Researchers came up with the Bergen Work Addiction Scale (BWAS) taken from tests for addictions. ‘If you have to admit that at least four of these statements sounds like you “often” or “always,” the researchers suggest you might want to stop laughing about your overwork and consider intervention.

  • You think of how you can free up more time to work.
  • You spend much more time working than initially intended.
  • You work in order to reduce feelings of guilt, anxiety, helplessness, or depression.
  • You have been told by others to cut down on work but you don’t listen.
  • You become stressed if you are prohibited from working.
  • You de-prioritize hobbies, leisure activities, or exercise because of your work.
  • You work so much that it has negatively affected your health.’


There is nice quiz for you to take at 20-signs-you-might-be-a-workaholic-and-what-to-do-about-it.

The Results in Health Damage and Loss of Family Closeness

“A workaholic will die faster than an alcoholic any day,” says Diane Fassel, PhD, an organizational consultant in Boulder, Colorado, and author of Working Ourselves to Death.


Burnout, depression and serious health breakdowns are the price to pay for working ourselves ‘to death’.

What Should Family Members do?

Respectfully and non confrontationally approach your workaholic loved one. Tell them how what they are doing affects you. Use “I” not “you” language, and let them know how much you love them and want them to be close to you; how you understand they may find it difficult not to work all the time, but that you as a family need them too. They may not respond with favorable changes, but they have at least understood this to be behavior that needs attention.

What Should the Workaholic do?

You must confront this addiction head on. You are going to need to ask for help from someone else to see your life as you can’t see it, as work addiction and work dependency is a blind spot. See a counselor, pastor, therapist or coach, but deal with it you must, before it destroys your health, family and every other calling in your life.

Many people have said they needed to admit they are addicted to work, and seek help from an outside source to gain clarity on the way forward, as habits are difficult to change and default is close to the reset button.

I would love to hear your thoughts on today’s blog on workaholism.

Do you think workaholism is becoming a bigger problem amongst women leaders today? Why or why not?

Leave a comment on the blog or hit ‘reply’ to connect with me.




Coaching as a Means of Growth

Coaching as a Means of Growth
Coaching as a Means of Growth

Coaching stimulates growth!

Think about your most valuable learning moments.

How did they happen?

Through a book, or a speaker when you were searching for an answer? At a time we are seeking change in our personal or professional lives coaching is a powerful tool to aid us in reaching our goal.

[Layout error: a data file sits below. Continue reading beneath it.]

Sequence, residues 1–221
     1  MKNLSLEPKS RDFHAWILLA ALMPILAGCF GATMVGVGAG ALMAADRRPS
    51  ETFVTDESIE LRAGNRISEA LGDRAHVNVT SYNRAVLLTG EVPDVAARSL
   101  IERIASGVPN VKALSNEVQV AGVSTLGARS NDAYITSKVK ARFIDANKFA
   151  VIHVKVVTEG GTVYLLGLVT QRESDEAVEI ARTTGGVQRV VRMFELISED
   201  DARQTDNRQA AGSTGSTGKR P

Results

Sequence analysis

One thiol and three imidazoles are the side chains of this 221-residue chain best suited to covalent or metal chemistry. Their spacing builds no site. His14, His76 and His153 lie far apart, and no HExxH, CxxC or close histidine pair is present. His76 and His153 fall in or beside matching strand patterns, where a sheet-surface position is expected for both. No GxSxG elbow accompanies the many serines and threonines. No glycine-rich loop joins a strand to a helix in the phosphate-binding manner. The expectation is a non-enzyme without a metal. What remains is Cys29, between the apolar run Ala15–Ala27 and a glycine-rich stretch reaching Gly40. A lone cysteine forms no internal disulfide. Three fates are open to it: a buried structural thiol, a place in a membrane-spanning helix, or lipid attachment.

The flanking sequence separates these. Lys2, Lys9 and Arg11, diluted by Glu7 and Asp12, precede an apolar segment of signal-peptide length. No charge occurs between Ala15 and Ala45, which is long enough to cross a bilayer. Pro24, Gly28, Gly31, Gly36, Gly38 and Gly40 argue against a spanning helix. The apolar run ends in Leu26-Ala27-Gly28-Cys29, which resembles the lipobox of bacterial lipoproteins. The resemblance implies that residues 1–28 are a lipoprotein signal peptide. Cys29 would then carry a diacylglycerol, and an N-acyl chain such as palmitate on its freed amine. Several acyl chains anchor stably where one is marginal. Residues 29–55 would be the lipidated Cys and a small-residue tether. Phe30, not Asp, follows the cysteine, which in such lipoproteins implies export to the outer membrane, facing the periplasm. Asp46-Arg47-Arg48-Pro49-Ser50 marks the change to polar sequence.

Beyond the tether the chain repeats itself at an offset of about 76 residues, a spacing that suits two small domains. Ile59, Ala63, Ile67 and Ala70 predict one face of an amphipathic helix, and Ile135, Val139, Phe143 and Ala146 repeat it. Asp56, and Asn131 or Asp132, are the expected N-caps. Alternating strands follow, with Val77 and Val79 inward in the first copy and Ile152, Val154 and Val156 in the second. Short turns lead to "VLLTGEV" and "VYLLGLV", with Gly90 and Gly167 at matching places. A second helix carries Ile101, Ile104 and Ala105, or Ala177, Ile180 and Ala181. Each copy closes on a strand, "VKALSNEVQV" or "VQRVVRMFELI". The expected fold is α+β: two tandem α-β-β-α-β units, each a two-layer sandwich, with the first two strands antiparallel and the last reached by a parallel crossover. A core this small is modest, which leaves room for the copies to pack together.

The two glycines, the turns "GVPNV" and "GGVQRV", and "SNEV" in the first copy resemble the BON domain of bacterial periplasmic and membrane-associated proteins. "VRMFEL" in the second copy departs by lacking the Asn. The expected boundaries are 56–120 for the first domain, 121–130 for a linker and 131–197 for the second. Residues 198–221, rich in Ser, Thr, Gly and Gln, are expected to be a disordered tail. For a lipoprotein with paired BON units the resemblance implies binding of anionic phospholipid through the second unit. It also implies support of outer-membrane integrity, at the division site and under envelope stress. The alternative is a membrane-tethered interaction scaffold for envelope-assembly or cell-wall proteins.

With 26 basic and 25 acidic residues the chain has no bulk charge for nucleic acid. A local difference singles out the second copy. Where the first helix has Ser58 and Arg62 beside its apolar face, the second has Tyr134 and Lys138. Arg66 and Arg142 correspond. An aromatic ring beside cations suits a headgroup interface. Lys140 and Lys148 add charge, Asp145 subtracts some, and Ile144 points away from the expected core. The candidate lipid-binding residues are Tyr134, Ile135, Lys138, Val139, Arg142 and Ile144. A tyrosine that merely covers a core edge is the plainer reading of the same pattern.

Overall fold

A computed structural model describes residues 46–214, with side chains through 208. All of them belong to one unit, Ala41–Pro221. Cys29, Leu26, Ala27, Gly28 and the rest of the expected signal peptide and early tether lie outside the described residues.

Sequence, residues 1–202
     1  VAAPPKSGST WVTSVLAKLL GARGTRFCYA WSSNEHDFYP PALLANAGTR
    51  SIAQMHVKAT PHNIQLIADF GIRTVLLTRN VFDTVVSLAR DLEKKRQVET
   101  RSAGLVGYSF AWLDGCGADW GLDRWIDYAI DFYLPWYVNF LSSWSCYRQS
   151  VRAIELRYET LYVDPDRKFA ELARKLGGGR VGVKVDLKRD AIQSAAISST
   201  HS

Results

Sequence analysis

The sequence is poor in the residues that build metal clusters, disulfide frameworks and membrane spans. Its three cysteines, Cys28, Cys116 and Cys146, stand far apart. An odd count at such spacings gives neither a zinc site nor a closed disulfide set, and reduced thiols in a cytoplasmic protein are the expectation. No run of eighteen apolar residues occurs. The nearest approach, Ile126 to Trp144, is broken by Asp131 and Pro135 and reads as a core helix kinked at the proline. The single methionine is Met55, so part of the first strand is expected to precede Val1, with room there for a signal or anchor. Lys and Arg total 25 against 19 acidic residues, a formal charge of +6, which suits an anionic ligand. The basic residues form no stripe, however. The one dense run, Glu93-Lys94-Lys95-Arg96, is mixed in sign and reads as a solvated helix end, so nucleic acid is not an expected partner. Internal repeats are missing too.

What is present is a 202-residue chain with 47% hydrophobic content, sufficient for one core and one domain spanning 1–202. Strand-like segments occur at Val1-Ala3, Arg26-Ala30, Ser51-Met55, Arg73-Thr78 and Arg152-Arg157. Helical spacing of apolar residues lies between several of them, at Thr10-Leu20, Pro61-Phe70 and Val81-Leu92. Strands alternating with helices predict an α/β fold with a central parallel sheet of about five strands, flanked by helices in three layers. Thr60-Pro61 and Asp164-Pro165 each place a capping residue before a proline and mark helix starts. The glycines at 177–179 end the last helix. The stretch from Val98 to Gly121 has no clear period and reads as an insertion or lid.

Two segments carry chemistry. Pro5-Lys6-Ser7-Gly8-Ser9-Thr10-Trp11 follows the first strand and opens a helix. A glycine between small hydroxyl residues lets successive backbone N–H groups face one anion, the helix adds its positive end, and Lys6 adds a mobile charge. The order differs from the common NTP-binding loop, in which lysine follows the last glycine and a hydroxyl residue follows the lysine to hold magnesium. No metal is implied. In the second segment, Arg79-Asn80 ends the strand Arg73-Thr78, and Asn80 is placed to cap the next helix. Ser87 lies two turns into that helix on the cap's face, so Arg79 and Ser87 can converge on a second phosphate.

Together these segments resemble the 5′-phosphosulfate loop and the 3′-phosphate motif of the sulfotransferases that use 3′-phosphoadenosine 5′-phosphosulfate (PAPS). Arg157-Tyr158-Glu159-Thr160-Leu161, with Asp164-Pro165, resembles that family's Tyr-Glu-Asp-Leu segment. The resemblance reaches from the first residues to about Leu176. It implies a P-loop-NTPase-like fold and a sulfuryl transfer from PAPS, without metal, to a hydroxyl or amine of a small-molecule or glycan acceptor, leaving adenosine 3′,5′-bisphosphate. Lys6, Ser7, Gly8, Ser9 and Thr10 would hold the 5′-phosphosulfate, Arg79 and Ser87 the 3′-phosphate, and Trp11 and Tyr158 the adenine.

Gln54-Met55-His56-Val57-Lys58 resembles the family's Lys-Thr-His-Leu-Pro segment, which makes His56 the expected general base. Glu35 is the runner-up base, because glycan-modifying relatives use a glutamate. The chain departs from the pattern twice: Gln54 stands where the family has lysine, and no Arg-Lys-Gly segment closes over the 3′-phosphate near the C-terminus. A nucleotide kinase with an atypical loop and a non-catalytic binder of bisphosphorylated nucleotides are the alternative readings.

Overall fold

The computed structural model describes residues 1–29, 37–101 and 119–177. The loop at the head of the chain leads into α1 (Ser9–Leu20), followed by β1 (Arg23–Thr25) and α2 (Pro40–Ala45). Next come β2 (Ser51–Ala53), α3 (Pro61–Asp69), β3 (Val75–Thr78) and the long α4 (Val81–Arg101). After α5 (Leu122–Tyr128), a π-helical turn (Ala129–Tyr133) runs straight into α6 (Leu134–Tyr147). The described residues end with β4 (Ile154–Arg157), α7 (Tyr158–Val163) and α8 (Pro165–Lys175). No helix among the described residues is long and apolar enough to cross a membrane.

Coaching is a way of working with a leader that leaves her more competent and fulfilled, so she can contribute more to her calling.

Adults learn from solving their own problems, and applying this learning to their lives, which is why coaching with a person who desires growth is effective.

Leaders want growth, but they struggle with how to achieve it amidst the hurly burly of normal, busy life.

Christian leaders want to do God’s will in their lives and so fulfill their calling as Peter entreats: “therefore, brothers, be all the more diligent to make your calling and election sure, for if you practice these qualities you will never fall” (2 Peter 1:10 ESV).

A Christian coach can help a client to reach goals and keep growing with biblical understanding.

Transformation (The Purpose of Coaching)

 Transformation often takes place through significant events that happen in our lives. Christian coaching uses these events, which may be anything from discomfort to pure frustration in the workplace or our relationships.

To face the need for change the client must have freed up energy, and must pay attention to habits and practices needing transformation.

Mary Beth O’Neill says, “Coaches are colleagues to leaders at exactly those times when they may flinch-or fight back, or dig in, or any number of responses.

Coaches bring their unique relationship to the leader as a tool of growth.

The client is the subject and the object of the coaching conversation.

The coach brings skills including the courage to enter into powerful conversations. The coach endures the discomfort of the anxiety the client may feel at the topic in hand, while at the same time empathizing with the client, staying connected to her for the purpose of hearing her fully.

Coaches enable clients to move forward in their performance as a result of the transformation of their hearts.

A new heart generates a new behavior.

As the scriptures say, “the good person out of the good treasure of his heart produces good ” (Luke 6:45 ESV).

The power of coaching lies in the heart posture of the Christian coach that is genuinely for the client.

Coaches should also ensure they have the necessary skills to help the client bring about new learning, reflection, realization and insight. Therein lies the power of coaching.

Seeing Gold Mines (The Possibilities in Coaching)